Then-candidate Donald Trump attends the NRA-ILA Leadership Forum during the National Rifle Association’s annual meeting last year in Louisville, Ky. (Aaron P. Bernstein/Reuters)

In the aftermath of the mass murder in Las Vegas, the National Rifle Association has come up with a strategy to shut up the country (beyond telling everyone it’s “too soon”) and divert focus away from substantial gun legislation. It has signaled to its Republican dependents that they may agree to “review” administratively (not by legislative action, mind you!) the use of gizmos know as “bump stocks” that effectively convert a semiautomatic weapon into an automatic one. (The NRA insists that the Constitution protects semiautomatic but concedes that it does not cover automatic weapons. This raises the question: Where do they come up with this stuff?!) In a written statement, the NRA said it was “calling on the Bureau of Alcohol, Tobacco, Firearms and Explosives (BATFE) to immediately review whether these devices comply with federal law. The NRA believes that devices designed to allow semi-automatic rifles to function like fully-automatic rifles should be subject to additional regulations.”

There is something pathetic about grown men and women who hold federal office waiting to get instructions from the NRA before suggesting that they might be willing to discuss a laughably tiny move to regulate the bump stocks — but of course, not the semiautomatic weapons themselves nor the numbers of weapons one can buy for a personal arsenal. And perish the thought that the NRA might permit lawmakers to consider universal background checks.

The stubborn refusal to enact any meaningful reforms for fear of inconveniencing legal gun owners spurs otherwise sympathetic voices to demand drastic measures. (Bret Stephens decried half-measures, arguing, “Repealing the Amendment may seem like political Mission Impossible today, but in the era of same-sex marriage it’s worth recalling that most great causes begin as improbable ones.”) When exasperated Americans demand big, bold steps, the NRA screeches that the government wants to take away your guns.

So let’s review the NRA’s ground rules:

  • It’s too soon to talk about guns after a mass killing.
  • It’s never too soon to defend the Second Amendment.
  • It’s never appropriate to recommend a change in law unless it absolutely would have stopped the most recent mass murderer from slaughtering in the specific way that he did.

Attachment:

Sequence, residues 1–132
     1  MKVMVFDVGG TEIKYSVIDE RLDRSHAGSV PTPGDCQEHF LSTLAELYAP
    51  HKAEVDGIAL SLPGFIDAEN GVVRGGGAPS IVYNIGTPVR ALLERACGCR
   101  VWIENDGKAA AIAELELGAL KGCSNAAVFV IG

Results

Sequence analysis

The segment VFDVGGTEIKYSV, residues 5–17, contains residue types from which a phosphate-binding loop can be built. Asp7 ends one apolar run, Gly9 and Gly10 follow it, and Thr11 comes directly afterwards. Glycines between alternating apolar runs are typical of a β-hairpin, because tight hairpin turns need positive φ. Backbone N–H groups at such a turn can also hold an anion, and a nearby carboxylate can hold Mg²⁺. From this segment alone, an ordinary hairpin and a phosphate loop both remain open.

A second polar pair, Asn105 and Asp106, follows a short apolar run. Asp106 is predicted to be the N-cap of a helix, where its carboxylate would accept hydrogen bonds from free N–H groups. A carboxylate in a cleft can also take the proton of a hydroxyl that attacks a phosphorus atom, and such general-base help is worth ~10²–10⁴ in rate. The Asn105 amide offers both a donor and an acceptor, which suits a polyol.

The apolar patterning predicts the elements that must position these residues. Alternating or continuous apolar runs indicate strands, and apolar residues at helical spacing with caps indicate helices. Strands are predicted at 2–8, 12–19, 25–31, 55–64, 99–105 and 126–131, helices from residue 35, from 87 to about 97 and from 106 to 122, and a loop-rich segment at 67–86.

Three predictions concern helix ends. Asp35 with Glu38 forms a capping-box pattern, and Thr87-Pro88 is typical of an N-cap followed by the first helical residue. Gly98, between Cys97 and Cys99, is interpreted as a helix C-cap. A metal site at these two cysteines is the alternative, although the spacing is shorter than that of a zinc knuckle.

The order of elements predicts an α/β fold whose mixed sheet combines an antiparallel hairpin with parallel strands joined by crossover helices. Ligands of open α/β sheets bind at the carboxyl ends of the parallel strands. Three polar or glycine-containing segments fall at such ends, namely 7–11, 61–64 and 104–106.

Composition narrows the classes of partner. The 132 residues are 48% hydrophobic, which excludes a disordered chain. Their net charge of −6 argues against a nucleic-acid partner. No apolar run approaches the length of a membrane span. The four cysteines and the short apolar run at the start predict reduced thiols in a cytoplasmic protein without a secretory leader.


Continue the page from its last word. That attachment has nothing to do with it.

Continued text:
• It’s always about “mental health” — except when you are “block[ing]  the Social Security Administration from reporting mentally impaired recipients to a national background-check database.”
  • It’s possible to agree to frivolous changes that affect a fraction of potential cases.
  • It’s constitutional heresy to suggest big changes.
  • It’s fine to look for moral authority from pro-gun individuals who’ve been shot (and want no changes in law), but the worst kind of manipulation is to drag in pro-gun-regulation advocates who have been victims.
  • It’s imperative that we stand up for the police — but not to ban body-armor-piercing ammunition.

Got it?

The NRA/GOP strategy in this case tells lawmakers to do the bare minimum possible — regulate bump stocks — and then declare there is nothing more to be done. Democrats can either take NRA’s pitiful concession or pocket it and continue pushing for more. (Some progressives want much bolder action, while others insist that “policy proposals, such as expanding background checks, will both reduce gun deaths and play well with more voters.”)

Perhaps what Democrats need is different messengers. Country music has long been associated with a gun-owning culture, but that may be changing after the slaughter at a country music festival in Las Vegas.

The Los Angeles Times reports:

 [T]here are fissures within the country music community, with voices of dissent questioning loose gun laws, and doing so with full knowledge of likely reprisals by the gun lobby and blowback from some of the genre’s fiercest fans. In the immediate aftermath of the shooting, Caleb Keeter, the guitarist for the Josh Abbott Band, which performed Sunday at the festival, posted on social media that the tragedy had already changed his mind on the need for gun control.

“I’ve been a proponent of the 2nd amendment my entire life. Until the events of last night,” he wrote. “I cannot express how wrong I was.”

Rising country singer Margo Price, in an interview Tuesday, said that she is a longtime gun owner – she used to live in a tent in Colorado and kept a shotgun to protect herself. But she also said that after Las Vegas, country artists need to use their credibility with rural and right-leaning voters to advocate for stricter gun control.

Successfully challenging the NRA’s absolutism is a stated goal for many Democrats from blue states. However, unless there is a change in sentiment within red America, no political shift is likely. With the horrific events in Las Vegas, perhaps more country music artists will engage on the issue to help change hearts and minds. What a tribute that would be to their courageous fans who risked their own lives to save friends and family during the worst mass shooting in modern American history.